3P and pricing power

3P: Pricing power 

The best business has pricing power. Investor Charlie Munger noted that a business with pricing power is “the ultimate no-brainer.” 

How does that fit within the Placement, Promotion, and Product series

Product. Pricing power exists relative to production costs. A knowledge worker uses ‘information’ to create their service. If the price of the information increases and the worker cannot raise their prices they do not have pricing power. 

A coffee roaster might have a different perspective. If coffee is coffee, then one Brazilian farmer raising prices doesn’t affect the roaster. They shop around. Or, they can stick with the roaster and pass the cost increase onto the consumer. Which gets to…

Promotion. Pricing power exists relative to perceived value. If customers buy ‘milk’, a business has low pricing power. But if customers buy ‘milk, from grass-fed low hormone happy cows’, that is different. 

Customers don’t buy one thing. There’s always an intangible. Brands demonstrate this. A Rolex doesn’t just tell time. McDonald’s doesn’t just provide sustenance. 

Placement. Pricing power exists relative to distribution and retail options. Think about location. Landlords have pricing power over restaurant tenants. 

The internet (with shipping) removes the landlord – and their power. Website hosting, online shopping carts, and 3PL have minimal pricing power over their customers. So, online businesses can be quickly profitable. But not all internet services are created equal. Facebook has pricing power for Facebook communities, not so for email newsletters or websites. 

Another aspect is Wholesale Transfer Pricing. This is part-of-the-reason restaurants are terrible businesses

Solve for the Equilibrium: Marathon Lottery

When supply equals demand—in economic models, not Alchemy—the price is calculated, equilibrium is achieved, and angels sing. What economists do we aren’t sure. Rarely does this work because value is subjective. Our relativistic nature is seen when it’s less grating for a CEO to make 100 times their employees than for a peer to make double.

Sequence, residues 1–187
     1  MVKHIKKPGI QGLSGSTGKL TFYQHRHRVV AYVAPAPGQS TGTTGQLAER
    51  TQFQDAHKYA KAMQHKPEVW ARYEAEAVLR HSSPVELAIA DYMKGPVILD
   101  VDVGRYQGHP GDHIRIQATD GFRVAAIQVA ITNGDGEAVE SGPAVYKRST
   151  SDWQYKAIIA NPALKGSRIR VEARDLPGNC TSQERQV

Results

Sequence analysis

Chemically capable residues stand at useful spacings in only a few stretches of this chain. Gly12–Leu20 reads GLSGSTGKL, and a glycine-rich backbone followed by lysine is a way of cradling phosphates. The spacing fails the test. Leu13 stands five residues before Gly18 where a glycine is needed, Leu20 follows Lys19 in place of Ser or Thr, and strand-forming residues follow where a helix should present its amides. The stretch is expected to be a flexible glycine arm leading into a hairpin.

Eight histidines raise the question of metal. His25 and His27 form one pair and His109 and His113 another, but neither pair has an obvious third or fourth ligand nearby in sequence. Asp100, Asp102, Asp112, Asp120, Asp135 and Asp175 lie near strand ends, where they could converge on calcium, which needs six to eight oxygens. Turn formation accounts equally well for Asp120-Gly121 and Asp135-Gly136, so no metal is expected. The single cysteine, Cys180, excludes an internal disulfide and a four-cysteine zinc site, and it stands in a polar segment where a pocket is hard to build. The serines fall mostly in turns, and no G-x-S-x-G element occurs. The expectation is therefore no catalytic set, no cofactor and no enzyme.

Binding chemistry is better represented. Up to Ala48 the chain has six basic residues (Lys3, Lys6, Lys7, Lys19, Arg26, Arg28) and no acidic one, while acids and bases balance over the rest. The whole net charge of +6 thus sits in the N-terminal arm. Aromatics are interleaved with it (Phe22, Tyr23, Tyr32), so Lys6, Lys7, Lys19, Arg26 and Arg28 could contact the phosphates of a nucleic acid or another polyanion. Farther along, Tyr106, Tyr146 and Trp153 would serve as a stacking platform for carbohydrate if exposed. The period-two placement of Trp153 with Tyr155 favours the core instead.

However solving for the equilibrium is a helpful. This Phantom Cowen would lead us to ask about how we might design a system people can’t buy, favor, or cheat their way into? How do we fix the game and avoid equilibirum? It’s been done with Jeopardy and horse racing.

Enter the NYC marathon.

The NYC marathon is super popular. The race welcomes 53,000 people, the most in the world, but demand is triple the supply. If this were a business, the organizers could raise prices. Pricing power! But profits aren’t the goal.

“At New York Road Runners, it is our goal to give everyone on the planet both a reason to run and the means and opportunity to keep running and never stop.”

NYRR Mission

Rather than raise prices, the NYRR had to solve for the equilibrium another way. In Planet Money episode #962, host Kenny Malone explains how the running club allocates their scarce resources. How they solved for the equilibrium.

What’s great about this example—beyond the process—is the creative ways NYRR solved their problem. They’ve added value without addressing the race.